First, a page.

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Reply to NeedHelpWithMom

It's absolutely possible that a person with dementia can be wonderful to some people and a nightmare to others. If she's able to select your kids to behave this way to then roll that behavior back when her own kids or other people are around, she has self-awareness and comprehends what she's doing.

I was an in-home caregiver for 25 years. This behavior goes on all the time. I've seen elders supposedly with diagnoses moderate dementia plan staged "falls" to get attention and retaining the mental ability to keep their lies going indefinitely.

You cannot allow anyone to behave abusively to your children whether they have dementia or not.

If she lives with you, she gets placed in AL or memory care as soon as a bed opens up somewhere and that must be non-negotiable. Call every AL or memory care you can find. This is really the only way to deal with a situation like yours long term and successfully.

She lives in your house. Don't forget it. YOUR house, not hers. The next time she gets verbally abusive to you or one of your kids, get right in her face and you tell her plainly that if she ever swears at, is disrespectful, or makes any comment to you or your children you will make her sorry she did. You put any cultural demands about DIL's have to tolerate abusive in-laws away. It's 2024. No one living in the U.S. western Europe or any other first-world country with civilized laws has to live with abuse.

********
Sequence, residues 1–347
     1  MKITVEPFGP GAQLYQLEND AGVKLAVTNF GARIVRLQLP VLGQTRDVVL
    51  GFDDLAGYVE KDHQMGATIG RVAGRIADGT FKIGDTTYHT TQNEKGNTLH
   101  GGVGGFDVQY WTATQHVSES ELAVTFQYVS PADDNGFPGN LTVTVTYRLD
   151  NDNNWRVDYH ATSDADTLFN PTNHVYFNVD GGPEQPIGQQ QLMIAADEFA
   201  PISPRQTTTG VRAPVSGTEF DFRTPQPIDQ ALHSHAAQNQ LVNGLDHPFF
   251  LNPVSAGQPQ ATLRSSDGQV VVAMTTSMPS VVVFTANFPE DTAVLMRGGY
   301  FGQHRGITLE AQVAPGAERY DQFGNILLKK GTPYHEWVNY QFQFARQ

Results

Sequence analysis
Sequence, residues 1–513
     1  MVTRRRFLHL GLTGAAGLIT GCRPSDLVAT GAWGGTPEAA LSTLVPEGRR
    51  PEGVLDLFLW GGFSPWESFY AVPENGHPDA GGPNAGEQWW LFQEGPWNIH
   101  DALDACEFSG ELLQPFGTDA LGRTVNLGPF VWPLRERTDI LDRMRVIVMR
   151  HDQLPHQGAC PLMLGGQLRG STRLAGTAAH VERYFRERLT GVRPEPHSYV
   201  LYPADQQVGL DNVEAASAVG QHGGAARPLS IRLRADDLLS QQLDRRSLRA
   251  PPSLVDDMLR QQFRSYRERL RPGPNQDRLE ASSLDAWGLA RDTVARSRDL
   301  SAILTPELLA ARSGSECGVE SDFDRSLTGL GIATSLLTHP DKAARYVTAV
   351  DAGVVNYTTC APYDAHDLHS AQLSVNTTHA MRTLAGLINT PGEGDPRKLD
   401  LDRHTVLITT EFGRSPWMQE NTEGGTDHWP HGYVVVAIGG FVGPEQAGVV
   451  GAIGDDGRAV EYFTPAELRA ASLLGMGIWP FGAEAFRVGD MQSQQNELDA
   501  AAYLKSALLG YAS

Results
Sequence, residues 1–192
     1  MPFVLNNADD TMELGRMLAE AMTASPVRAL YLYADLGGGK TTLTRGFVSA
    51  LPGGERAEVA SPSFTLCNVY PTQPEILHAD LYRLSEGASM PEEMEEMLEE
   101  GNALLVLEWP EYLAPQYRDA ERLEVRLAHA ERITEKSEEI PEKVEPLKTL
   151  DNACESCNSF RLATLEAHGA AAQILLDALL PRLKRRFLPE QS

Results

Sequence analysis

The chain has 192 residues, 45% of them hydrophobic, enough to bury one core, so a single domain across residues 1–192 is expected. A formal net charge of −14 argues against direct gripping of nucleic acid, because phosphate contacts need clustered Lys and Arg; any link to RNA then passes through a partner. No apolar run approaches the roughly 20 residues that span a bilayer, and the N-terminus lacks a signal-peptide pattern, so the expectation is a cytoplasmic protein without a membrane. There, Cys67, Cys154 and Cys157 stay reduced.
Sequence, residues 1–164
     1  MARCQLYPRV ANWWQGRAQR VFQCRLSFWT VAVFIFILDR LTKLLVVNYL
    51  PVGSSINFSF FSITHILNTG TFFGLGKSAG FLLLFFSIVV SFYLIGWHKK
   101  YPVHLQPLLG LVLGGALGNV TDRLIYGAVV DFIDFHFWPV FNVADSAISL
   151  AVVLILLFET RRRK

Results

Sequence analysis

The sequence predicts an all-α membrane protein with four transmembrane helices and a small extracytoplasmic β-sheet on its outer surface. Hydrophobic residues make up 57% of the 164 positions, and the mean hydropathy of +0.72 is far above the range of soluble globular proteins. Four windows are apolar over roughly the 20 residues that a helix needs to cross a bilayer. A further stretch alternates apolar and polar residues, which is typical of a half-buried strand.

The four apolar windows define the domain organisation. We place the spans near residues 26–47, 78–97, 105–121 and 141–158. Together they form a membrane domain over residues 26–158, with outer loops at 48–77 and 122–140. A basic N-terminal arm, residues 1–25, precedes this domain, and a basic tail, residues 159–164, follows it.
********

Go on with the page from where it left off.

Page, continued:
If your MIL has been like this and able to control it around certain people for 8 or 9 years, she's playing you. Don't let her. You compare her to a child throwing tantrums. Then you respond the same as you would to a child throwing tantrums.

The next time she's nasty to you or your kids, she spends the rest of the day and night in her room and she doesn't leave her room until you say so. Put a lock on the outside of her door if you have to. If she gets nasty and snide about meals, she goes hungry. You don't take her crap or play her games for one more day. You make it abundantly clear to her that she lives in your house not hers.

There is a big difference between a senior-brat throwing tantrums and child one doing the same.

That difference is you can get rid of the senior one by placed them in a residential care facility.
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Reply to BurntCaregiver
MiaMoor May 19, 2024
I don't think that using a lock is either safe or advisable. If a fire were to break out, the mil wouldn't be able to get out.

Also, any other family members or healthcare professionals would have something to say about such treatment.

However, I do agree with sending the mil up to her room if she becomes verbally abusive again. The children need to see that they matter and that there are consequences to bad behaviour.

Also, her bedroom could be kitted out like a nice bed-sitting room, as if the elder were in a room in a care facility. Meals etc. could be taken up to her, and all visits could take place in her room.

That way, the children could limit their visits and walk out when she becomes nasty again.